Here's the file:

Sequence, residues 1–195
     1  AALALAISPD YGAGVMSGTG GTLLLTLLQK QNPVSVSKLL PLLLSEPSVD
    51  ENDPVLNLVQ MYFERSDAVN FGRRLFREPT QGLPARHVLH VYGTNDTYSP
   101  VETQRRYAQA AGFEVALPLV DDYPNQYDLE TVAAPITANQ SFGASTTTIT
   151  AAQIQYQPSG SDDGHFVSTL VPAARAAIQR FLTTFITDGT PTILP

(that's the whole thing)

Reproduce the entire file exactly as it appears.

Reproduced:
Sequence, residues 1–195
     1  AALALAISPD YGAGVMSGTG GTLLLTLLQK QNPVSVSKLL PLLLSEPSVD
    51  ENDPVLNLVQ MYFERSDAVN FGRRLFREPT QGLPARHVLH VYGTNDTYSP
   101  VETQRRYAQA AGFEVALPLV DDYPNQYDLE TVAAPITANQ SFGASTTTIT
   151  AAQIQYQPSG SDDGHFVSTL VPAARAAIQR FLTTFITDGT PTILP